The wider someone's social group, the more likely it is that they know a property owner looking for tenants: finding an apartment then becomes much easier. Antoine Bonleu shows that with all other things being equal (level of qualifications, employment contract, etc.), owners tend to choose a tenant from their social circle because they will be able to avoid costs linked to procedural formalism in the case of a dispute. Indeed, if a tenant does not pay his rent but is known to the owner, the latter is less likely to take the case to court. A landlord is more likely to resolve the issue amicably without resorting to official means. Nonetheless, such disputes are not without their costs: they can lead to a deterioration in relationships between those involved, or to other problems, even violence. In other words, if resolving the conflict is more costly by the legal route than via the social circle, landlords would prefer to rent their properties out to people within their network.

Those with a wide network of social connections are therefore inclined to favour high levels of procedural formalism for the rental market, because this will work to their advantage when they are looking for a rental property. If we imagine that all the potential tenants for a rental offering are waiting in line, and the candidate with the best economic characteristics (a permanent employment contract, high salary, guarantors, and so on) will get the apartment, having a lot of social connections will enable a candidate to jump ahead several places in the line. 

Photo of people networking

Photo by Antenna on unsplash

Thus – and again, all things being equal – it makes sense to prioritise renting one's property out to someone from one’s social circle. Yet the effect is amplified if, between the candidates, the one from inside the circle is less eligible (having a short-term employment contract rather than a permanent contract, for example) than the candidate who is unknown to us. In this case, high levels of procedural formalism are even more advantageous for people with a large number of social ties.

Obviously, this is only one possible explanation for the correlation between social ties and procedural formalism. Other explanations are possible for this phenomenon, as this is still a theoretical model. For example, people with larger social networks tend to be more risk-averse. Van der Velde4  showed that in countries where family ties are stronger, the vast majority of children leave their parents' home only when they get married. Such behaviour could indicate a need for security: individuals only leave their parental home for safe and highly-regulated accommodation. Antoine Bonleu cannot exclude this explanation. However, many studies have shown that non-local individuals are discriminated against in the private rental market in favour of local individuals, and that the latter regularly use their networks to gain access to rental properties. So, who are the losers when it come to high levels of procedural formalism?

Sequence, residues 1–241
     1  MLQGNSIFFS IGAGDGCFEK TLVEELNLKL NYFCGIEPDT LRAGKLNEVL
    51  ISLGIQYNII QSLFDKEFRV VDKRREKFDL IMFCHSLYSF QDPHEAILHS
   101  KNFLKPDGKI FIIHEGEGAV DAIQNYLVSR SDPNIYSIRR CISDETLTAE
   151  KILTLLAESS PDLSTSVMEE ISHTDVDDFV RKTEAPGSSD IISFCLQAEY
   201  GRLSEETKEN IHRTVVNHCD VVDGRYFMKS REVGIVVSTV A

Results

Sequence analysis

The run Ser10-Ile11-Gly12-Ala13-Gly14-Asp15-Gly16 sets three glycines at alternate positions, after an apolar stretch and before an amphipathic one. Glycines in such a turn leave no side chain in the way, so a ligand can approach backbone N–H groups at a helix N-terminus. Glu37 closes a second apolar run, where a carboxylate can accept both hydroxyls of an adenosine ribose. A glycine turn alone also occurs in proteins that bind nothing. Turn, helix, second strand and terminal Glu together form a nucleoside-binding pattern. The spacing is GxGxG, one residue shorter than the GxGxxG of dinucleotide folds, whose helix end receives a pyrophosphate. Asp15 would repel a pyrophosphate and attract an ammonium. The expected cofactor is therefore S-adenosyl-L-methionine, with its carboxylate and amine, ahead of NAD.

• 4Van De Velde C., 2008, "Devenir adulte : sociologie comparée de la jeunesse en Europe", Presses universitaires de France

Procedural formalism or institutionalised discrimination?

People who have no connections in the place where they are seeking accommodation are disadvantaged by high levels of procedural formalism. Such legislation causes non-local people to be at a disadvantage. In France, for example, rental properties are more likely to be occupied by locals. Often foreigners will have to rely on social housing services (which function according to different rules) to be able to find accommodation. Thus, in 2013, according to INSEE (The National Institute of Statistics and Economic Studies), 50% of households from North Africa were tenants in the social sector, against 15% for households who had not experienced migration.5 Such observations reveal the difference in access to the rental market from household to household, and potential discrimination against non-local individuals in favor of local people benefiting from an extended social circle.

  • 5Housing conditions in France, 2017 edition - Insee References

These stylized facts are consistent with the model described in the article by Antoine Bonleu: in countries with significant regulation, there is an incentive to rent to locals because it is the most economically profitable choice. For local individuals with extensive social networks, procedural formalism is a way of encouraging owners belonging to their network to choose them as a priority. It is also a convenient way to cover up discrimination exercised by landlords. These practices are all the more serviceable in areas where the rental market is tight, such as in Paris. When demand outstrips supply, landlords have more influence in their choice of tenants. In the words of Francis Lalanne, “This could be the house of happiness, so I'll take it, even if the rent is high".6 For his sake, we hope he knows the landlord.

  • 6 Francis Lalanne, « La maison du bonheur », album On est bien, 1994

On the same subject

Translated from French by

Kate Pinault


Bonleu A., 2019, "Procedural Formalism and Social Networks in the Housing Market," Annals of Economics and Statistics, GENES, 133, 25-56.